Critical Consensus: No Debatin' Clayton, Night Almost Owns, Elizabeth Not Golden
Plus: Season Runs Foul, Universe Divided, and guess the Why Did I Get Married? Tomatometer
Critics frequently bemoan the fact that movies are no longer made for adults. Who better to come to their rescue than George Clooney, oft-called the Cary Grant of our generation? Clooney stars in Michael Clayton as a washed-up legal consultant caught up in a pesticide case that isn't quite what it seems, with support from Tilda Swinton, Tom Wilkinson, and Sydney Pollack. With strong performances all around, critics call this a challenging but rewarding movie that also doesn't skimp out on the popcorn factor. At a Certified Fresh 89 percent, critics sustain Michael Clayton's appeal.
Actors frequently re-team with directors they've worked with before. But two principal actors? Only once in a blue moon. Such an event strikes for We Own the Night, a crime drama/thriller about two brothers on opposite sides of the law. The film reunites Joaquin Phoenix and Mark Wahlberg with director James Gray, who all previously created 2000's The Yards. But the trio isn't having as much luck the second time around: critics say Night cribs from The Godfathers and The Departed, while relying too heavily on improbable plot turns to fuel the action. But moviegoers who don't expect anything particularly original can have a reasonably good time. At 50 percent, Night gets close, but doesn't quite Own.
Cate Blanchett is one of the best actresses on the planet today, and with Elizabeth: The Golden Age, she revisits the role that made her a star. Big mistake, critics say. Age picks up where its predecessor left off, with the Virgin Queen navigating the rough waters of political unrest in 16th Century Europe, as well as palace intrigue closer to home. The pundits say the costume and set design are impeccable, but otherwise, this is a campy, bombastic flick, filled with silly dialogue and featuring a script that's more hysterical than historical. At 29 percent on the Tomatometer, this one ain't golden. And it's a steep drop from the Certified Fresh original (at 79 percent).
It's October, and that means it's time for some super-dramatic baseball action. Unfortunately, we're talking about the MLB playoffs, not The Final Season, which critics say is as predictable as Alex Rodriguez failing in the clutch. Directed by David Mickey Evans (who helmed the cult-fave The Sandlot), Season is the story of a tiny Iowa high school with a proud baseball tradition that may come to an end because of redistricting. Season features a strong cast that includes Sean Astin, Powers Boothe, and Rachael Leigh Cook, and the film oozes sincerity. But pundits say it's as safe as an intentional walk and as clichéd as a post-game interview. At 11 percent on the Tomatometer, The Final Season is way below the cinematic Mendoza line.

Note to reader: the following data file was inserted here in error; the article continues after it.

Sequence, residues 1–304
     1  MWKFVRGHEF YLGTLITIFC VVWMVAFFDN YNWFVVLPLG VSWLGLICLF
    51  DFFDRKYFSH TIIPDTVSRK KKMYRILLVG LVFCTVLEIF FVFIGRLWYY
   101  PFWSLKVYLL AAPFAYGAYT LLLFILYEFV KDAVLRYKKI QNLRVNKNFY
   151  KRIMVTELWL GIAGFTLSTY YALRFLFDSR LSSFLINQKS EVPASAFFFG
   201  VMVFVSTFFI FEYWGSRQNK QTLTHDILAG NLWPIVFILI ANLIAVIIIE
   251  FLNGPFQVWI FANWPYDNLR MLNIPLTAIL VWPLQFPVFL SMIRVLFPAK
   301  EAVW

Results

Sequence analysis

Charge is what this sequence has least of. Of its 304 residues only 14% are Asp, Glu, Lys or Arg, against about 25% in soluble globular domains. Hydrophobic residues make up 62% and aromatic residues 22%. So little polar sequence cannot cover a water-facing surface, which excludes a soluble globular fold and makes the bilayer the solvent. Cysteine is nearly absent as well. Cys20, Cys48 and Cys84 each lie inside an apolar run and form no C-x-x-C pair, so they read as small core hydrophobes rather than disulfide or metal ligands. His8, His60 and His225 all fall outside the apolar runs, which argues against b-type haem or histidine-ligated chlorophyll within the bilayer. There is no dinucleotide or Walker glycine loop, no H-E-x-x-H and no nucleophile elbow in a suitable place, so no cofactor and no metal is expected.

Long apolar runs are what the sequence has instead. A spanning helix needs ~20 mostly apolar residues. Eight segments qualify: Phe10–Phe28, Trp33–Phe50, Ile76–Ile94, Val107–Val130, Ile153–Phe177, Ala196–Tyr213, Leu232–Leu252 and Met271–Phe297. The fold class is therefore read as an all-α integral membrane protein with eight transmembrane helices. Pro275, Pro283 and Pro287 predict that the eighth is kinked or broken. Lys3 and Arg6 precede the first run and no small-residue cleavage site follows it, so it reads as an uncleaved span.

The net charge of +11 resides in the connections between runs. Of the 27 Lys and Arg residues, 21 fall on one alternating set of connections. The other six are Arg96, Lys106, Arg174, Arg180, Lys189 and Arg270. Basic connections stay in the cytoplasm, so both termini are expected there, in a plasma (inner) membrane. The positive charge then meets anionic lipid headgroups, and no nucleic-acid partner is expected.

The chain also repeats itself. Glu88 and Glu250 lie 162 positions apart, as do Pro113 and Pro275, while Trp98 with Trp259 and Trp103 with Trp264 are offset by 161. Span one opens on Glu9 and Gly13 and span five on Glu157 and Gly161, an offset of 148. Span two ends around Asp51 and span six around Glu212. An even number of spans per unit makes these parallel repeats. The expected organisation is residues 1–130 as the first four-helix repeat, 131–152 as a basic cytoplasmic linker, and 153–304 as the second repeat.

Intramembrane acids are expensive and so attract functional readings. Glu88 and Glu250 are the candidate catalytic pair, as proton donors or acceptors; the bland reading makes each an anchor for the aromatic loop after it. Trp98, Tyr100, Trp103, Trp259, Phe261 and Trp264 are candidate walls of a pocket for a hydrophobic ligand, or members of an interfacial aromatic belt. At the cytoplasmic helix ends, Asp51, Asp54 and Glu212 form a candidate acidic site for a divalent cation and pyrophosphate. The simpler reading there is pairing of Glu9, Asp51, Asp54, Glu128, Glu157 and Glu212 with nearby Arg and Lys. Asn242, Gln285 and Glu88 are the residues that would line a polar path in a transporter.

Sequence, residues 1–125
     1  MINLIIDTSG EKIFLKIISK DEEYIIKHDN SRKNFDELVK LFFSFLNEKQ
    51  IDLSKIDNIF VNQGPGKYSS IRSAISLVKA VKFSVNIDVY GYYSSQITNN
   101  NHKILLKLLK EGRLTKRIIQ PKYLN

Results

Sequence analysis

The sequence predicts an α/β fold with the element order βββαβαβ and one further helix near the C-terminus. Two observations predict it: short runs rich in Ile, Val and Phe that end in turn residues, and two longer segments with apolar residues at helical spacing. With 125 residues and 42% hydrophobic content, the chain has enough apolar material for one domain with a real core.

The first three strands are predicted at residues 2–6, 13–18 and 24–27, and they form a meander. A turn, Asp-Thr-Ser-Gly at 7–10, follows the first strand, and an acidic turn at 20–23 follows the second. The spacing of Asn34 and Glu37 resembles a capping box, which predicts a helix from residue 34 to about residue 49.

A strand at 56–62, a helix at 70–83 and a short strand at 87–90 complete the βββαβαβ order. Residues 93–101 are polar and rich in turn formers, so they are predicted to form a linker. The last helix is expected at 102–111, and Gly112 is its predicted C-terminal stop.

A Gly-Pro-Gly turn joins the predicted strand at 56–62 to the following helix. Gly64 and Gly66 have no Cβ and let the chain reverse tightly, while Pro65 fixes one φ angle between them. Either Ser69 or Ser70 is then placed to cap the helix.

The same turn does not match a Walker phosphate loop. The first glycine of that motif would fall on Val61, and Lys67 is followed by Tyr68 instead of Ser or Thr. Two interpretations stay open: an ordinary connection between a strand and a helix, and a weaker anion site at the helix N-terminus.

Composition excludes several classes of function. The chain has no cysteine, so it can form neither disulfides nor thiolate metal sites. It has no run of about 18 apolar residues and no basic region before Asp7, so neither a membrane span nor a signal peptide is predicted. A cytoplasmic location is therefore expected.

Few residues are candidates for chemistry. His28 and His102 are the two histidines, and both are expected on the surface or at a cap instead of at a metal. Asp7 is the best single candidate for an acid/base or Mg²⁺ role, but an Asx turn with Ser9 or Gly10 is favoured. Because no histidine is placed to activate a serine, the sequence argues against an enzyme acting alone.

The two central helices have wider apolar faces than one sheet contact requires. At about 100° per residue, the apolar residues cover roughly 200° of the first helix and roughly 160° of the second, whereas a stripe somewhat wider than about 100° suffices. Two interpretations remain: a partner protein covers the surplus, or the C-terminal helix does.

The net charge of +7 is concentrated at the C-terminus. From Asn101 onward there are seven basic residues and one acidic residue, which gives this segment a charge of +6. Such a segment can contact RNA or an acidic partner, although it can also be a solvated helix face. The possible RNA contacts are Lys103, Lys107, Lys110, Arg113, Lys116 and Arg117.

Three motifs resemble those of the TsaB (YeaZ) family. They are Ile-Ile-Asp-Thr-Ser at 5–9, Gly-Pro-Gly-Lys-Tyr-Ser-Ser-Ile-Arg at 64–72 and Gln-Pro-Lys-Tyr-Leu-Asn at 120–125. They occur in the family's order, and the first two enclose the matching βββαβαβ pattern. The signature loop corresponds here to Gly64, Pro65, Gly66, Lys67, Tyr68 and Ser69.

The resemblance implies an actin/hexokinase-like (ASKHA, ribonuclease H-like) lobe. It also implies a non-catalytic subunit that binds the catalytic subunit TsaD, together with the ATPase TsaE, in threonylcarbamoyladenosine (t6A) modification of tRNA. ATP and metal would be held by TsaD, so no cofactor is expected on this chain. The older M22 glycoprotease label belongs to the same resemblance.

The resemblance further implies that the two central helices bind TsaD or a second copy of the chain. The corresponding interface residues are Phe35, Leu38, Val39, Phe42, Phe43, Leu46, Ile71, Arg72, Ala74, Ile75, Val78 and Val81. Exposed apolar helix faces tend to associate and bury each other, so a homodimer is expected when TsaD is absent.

Is there anybody going to listen to this story, all about Julie Taymor's attempt to capture the zeitgeist of the 1960s through the music of the Beatles? As far as Across the Universe goes, some critics say stop, others say go, go, go. Universe is the story of Lucy (Evan Rachel Wood) and Jude (Jim Sturgess), a young couple who stalk across the political and social landscape of the tumultuous decade to the tune of such classics as "Come Together," "Helter Skelter," and "All You Need is Love." The critics are pretty split on Universe: some say the film is an audacious, beautiful movie that will make you feel all right. But others say it's all wrong (that is, they think they disagree), calling the film an exercise in excess with bland characters. We hope the film's 52 percent Tomatometer will Help! you decide to see it or not.
With his heartfelt domestic dramedies, Tyler Perry has established himself as a commercial sure thing. But he's yet to win over critics, which may be why his latest, Tyler Perry's Why Did I Get Married?, wasn't screened before release. It's the story of a reunion of college friends, who, over the course of a long weekend together, begin to question their marriages. Guess the Tomatometer.
Also opening this week in limited release: Control, a biopic of Joy Division singer Ian Curtis, is at 90 percent (check out our interview with director Anton Corbijn here); Terror's Advocate, Barbet Schroder's documentary portrait of an attorney for the undefendable, is at 83 percent on the Tomatometer; Lars and the Real Girl, starring Ryan Gosling as a delusional guy dating a female doll, is at 78 percent (check out our review from Toronto here); Canvas, a drama about a family dealing with one member's schizophrenia, is at 71 percent; Golda's Balcony, about the Israeli prime minister, is at 64 percent; and Sleuth, an update of the 1972 murder mystery starring Michael Caine and Jude Law, is at 48 percent.
Recent Cate Blanchett Movies:
69% -- I'm Not There (2007)
32% -- The Good German (2006)
87% -- Notes on a Scandal (2006)
68% -- Babel (2006)
85% -- Little Fish (2006)
Recent Mark Wahlberg Movies:
48% -- Shooter (2007)
92% -- The Departed (2006)
70% -- Invincible (2006)
52% -- Four Brothers (2005)
61% -- I Heart Huckabees (2004)